Source: Boston Consulting Group Mind the (AI) Gap: Leadership Makes the Difference, December, 2018 By Sylvain Duranton, Jörg Erlebach, and Marc Pauly

        AI pilot and adoption success is more dependent on a company’s unique strengths and matters more than industry characteristics. BCG found industry landscapes heterogeneous in their relative levels of success with AI pilots, adoption and long-term success. Success with AI has a lot more to do with the technical infrastructure, available skills, execution speed and responsiveness, and support from senior management in individual companies. This finding explains why start-ups in the U.S. are the majority of active players in AI. They typically have small engineering and R & D teams comprised of highly skilled and talented technical professionals and can move much faster than their larger competitors. BCG also found industrial engineered product companies are strong, active players in Germany (with an 84% share) but weak in France. Conversely, data-rich consumer retail companies are much stronger active players in France than in Germany.
Source: Boston Consulting Group Mind the (AI) Gap: Leadership Makes the Difference, December, 2018 By Sylvain Duranton, Jörg Erlebach, and Marc Pauly

        Thanks to its thriving start-up landscape, The United States is in second place when ranked by share of active players. Underscoring just how crucial it is to provide startups with investment tax incentives in new technologies, the United States is in second place currently mainly due to the high levels of AI activity in digital start-ups. 76% of U.S. companies are active players and report a past implementation success rate of over 90%. Outside the start-up ecosystem, AI adoption and success rates are more mixed.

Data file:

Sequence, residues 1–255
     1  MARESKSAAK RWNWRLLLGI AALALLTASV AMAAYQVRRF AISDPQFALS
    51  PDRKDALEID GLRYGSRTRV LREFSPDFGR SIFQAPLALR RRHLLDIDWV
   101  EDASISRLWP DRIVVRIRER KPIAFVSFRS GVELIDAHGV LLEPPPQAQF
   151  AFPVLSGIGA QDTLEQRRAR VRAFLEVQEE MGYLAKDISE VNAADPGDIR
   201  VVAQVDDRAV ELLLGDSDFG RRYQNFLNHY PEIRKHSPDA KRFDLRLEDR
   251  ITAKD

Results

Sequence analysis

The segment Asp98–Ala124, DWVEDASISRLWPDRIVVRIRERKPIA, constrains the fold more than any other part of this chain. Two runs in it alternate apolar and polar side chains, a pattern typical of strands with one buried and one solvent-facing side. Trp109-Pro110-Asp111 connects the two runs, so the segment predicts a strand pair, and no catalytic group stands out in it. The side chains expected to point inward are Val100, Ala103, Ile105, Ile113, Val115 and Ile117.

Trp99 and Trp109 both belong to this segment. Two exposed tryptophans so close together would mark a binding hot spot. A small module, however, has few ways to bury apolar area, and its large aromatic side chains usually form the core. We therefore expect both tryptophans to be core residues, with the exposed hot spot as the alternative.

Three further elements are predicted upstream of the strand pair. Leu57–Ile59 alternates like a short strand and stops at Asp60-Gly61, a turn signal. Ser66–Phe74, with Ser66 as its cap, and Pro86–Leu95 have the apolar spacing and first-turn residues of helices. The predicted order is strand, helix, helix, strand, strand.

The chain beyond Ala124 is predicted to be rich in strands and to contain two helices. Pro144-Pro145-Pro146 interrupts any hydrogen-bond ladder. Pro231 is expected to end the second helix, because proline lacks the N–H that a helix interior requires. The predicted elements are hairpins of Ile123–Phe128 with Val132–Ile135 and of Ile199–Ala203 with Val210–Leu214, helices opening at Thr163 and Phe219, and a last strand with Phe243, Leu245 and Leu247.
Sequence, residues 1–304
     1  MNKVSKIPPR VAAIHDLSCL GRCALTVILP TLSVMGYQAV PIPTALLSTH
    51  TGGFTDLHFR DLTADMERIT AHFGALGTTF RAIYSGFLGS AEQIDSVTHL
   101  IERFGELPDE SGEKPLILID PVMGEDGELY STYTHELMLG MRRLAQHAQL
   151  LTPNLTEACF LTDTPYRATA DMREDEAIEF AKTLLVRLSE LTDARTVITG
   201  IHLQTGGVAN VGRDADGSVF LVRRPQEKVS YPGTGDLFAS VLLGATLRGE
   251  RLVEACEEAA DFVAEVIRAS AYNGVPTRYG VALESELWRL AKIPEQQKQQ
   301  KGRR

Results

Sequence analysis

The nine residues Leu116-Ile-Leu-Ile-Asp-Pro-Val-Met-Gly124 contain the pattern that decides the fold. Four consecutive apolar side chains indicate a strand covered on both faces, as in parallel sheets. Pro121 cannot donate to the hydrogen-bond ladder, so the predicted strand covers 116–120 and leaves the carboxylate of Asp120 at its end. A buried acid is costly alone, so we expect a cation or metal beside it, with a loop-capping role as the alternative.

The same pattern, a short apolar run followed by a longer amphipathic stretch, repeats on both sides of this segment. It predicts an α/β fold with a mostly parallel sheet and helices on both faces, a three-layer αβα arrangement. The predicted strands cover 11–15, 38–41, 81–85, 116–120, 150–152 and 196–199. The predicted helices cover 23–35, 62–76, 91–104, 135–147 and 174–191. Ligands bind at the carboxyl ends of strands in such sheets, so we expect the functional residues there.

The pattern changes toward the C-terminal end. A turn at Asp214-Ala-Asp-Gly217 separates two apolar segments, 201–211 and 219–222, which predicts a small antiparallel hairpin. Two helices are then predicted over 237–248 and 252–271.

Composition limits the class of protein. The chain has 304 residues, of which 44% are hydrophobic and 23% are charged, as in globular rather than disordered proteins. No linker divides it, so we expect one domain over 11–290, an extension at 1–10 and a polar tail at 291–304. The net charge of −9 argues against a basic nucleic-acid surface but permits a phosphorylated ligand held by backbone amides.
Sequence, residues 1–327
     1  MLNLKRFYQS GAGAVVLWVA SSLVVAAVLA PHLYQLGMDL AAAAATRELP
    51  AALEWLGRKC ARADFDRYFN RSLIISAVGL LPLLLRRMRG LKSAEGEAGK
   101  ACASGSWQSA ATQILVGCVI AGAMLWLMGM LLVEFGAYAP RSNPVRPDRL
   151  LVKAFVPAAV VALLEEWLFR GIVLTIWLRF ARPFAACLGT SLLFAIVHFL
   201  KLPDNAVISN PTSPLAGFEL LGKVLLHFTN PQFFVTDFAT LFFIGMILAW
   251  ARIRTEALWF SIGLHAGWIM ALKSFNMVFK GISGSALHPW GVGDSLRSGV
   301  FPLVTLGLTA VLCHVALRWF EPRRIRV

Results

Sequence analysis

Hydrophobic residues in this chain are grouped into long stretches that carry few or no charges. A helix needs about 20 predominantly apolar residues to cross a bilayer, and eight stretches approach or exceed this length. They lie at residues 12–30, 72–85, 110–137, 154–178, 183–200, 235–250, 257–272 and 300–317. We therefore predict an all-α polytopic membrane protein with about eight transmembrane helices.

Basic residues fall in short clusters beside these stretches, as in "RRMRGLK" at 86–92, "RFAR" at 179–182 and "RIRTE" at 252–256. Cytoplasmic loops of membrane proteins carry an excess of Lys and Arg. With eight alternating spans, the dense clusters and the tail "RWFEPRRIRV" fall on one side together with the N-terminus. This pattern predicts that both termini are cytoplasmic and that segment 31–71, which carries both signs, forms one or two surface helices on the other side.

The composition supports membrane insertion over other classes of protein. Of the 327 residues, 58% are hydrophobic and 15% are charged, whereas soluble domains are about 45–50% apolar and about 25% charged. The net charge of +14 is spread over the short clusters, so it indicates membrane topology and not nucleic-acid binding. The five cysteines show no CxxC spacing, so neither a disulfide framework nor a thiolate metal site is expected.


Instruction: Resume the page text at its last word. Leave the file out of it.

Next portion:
The strategies and practices that enabled Germany and other powerhouse nations to lead previous technological innovations are preventing them from quickly capitalizing on AI. BCG found that changes that AI can unlock are disruptive, changing the way entire processes work and the roles humans play in them, and so the approach to corporate innovation must be disruptive, too. A meticulous focus on R&D and its organization into functional silos, and a risk-averse approach to change are holding nations back from accelerating AI strategies. Even with the right infrastructure, data, and skills are in place, these impediments slow AI progress across industries.

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I am currently serving as Principal, IQMS. Previous positions include product management at Ingram Cloud, product marketing at iBASEt, Plex Systems, senior analyst at AMR Research (now Gartner), marketing and business development at Cincom Systems, Ingram Micro, a SaaS start... MORE

Louis Columbus is an enterprise software strategist with expertise in analytics, cloud computing, CPQ, Customer Relationship Management (CRM), e-commerce and Enterprise Resource Planning (ERP).